Friday, April 10, 2015

Customers Will Leave the Grid Behind in Droves Over Next 10-15 Years

Rocky Mountain Institute has just published a fascinating study on the future of "grid load defection" in the U.S.A. under likely pricing scenarios.  You can download it here:

There is now significant concern in the U.S. -- and there SHOULD be significant concern in Japan -- about the likely failure of the traditional utility business model, as revenues decline once customers can self-generate electricity on an economic basis using solar PV and, eventually solar PV + battery storage.

One response is to charge customers a fixed amount for maintaining the grid, even if they reduce their consumption significantly based upon self-generation.  RMI's study suggests that such approaches only prolong the inevitable.  Over the next 10-15 years, almost everywhere in the U.S. a combination of solar PV + battery storage will become economically optimal, causing customers to purchase much less power and pushing down utility revenues.

The RMI study posits maximum potential customer defection in the Northeast U.S. at 50% of residential and 60% of commercial customers by 2030.

They highlight the need for new utility business models and new regulatory approaches to avoid this.  Of course, the faster on-grid electricity prices rise ... the faster defection will occur.  And the faster solar PV and storage costs decline ... well, you get the picture.

According to RMI, "although they could represent significant load loss, customers’ grid-connected solar-plus-battery systems can potentially provide benefits, services, and values back to the grid, especially if those value flows are monetized with new rate structures, business models, and regulatory frameworks."

But there is a major risk of a huge new group of centralized generation "stranded assets".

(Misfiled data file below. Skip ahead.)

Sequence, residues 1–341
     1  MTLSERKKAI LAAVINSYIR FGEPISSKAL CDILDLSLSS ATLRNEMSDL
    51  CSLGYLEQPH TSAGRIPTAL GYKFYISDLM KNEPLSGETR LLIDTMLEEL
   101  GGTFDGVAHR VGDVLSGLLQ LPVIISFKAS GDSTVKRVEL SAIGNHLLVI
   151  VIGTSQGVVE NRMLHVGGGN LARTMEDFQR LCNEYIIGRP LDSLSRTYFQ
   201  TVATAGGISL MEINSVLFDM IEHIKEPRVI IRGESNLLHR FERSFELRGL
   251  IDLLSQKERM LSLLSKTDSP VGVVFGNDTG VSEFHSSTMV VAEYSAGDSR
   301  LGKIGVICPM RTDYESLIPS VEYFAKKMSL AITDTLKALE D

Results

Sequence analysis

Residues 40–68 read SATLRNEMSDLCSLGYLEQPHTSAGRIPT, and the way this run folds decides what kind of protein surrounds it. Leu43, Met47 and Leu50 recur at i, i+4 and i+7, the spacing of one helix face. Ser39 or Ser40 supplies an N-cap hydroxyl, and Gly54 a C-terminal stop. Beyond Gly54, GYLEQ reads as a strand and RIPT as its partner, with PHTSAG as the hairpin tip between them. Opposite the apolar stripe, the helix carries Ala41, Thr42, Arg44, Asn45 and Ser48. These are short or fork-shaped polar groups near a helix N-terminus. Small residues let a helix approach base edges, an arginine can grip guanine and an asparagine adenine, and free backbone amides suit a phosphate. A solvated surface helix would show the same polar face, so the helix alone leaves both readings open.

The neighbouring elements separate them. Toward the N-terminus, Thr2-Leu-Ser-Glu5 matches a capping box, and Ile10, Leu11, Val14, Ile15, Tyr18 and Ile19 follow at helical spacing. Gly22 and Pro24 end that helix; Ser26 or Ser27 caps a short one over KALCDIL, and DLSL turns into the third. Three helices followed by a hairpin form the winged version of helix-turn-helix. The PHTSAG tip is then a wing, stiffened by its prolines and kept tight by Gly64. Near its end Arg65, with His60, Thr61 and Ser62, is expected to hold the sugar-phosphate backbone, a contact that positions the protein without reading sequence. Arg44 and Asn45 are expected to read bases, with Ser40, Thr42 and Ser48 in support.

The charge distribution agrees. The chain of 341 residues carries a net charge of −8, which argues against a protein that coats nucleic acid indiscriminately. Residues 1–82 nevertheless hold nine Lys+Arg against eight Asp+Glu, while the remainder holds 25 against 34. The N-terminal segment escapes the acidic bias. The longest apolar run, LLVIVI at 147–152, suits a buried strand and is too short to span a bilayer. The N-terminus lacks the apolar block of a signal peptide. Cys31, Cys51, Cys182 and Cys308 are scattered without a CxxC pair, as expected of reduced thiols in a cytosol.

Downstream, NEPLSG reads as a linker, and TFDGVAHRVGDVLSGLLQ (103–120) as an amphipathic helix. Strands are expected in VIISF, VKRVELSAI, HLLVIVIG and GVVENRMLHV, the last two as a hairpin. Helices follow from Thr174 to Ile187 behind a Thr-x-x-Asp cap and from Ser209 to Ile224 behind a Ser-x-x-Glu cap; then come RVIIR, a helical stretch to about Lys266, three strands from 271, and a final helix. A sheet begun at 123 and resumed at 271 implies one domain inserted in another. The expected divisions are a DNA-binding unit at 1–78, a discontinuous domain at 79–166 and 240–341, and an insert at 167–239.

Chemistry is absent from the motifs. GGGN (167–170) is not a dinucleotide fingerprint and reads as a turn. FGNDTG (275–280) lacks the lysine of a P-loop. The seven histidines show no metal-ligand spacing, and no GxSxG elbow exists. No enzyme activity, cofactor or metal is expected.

Now think about the situation in Japan where on grid power is much more expensive, and the cost is going up much more rapidly, and the current central planning process to decide on "energy mix" is giving a major role for new coal-fired generation and nuclear -- two generation sources that are not currently "economic" and so are just not being built in the U.S. ... and in many cases being mothballed.  What is the likely result?

Renewables in ... Texas

Japanese involved in the energy business and energy policy with whom I speak often marvel at the U.S. "shale gas revolution".  They envy the U.S. access to cheap fossil fuels.  Yes, natural gas is dirt cheap and the U.S. is now, again, the #1 oil producer in the world.

But they are much less aware that the fastest growing area of electric power generation in the U.S. is not gas, but renewables -- solar and wind.  Well of course, they think, in someplace like California where liberals from Hollywood support a governor like Jerry Brown and drive aggressive renewables targets.

But wait, renewables in Texas -- the heart of the "oil patch"?

Indeed, Texas is the #1 producer of wind power in the U.S.A.

And this article in Scientific American highlights how solar PV is going to play a major role in Texas.

Austin, Texas plans almost 1GW of utility scale solar supply by 2025.  And they plan to do it while maintaining affordability -- requiring lower than average utility bills and holding annual increases below 2% (the Kuroda BOJ inflation target, coincidentally).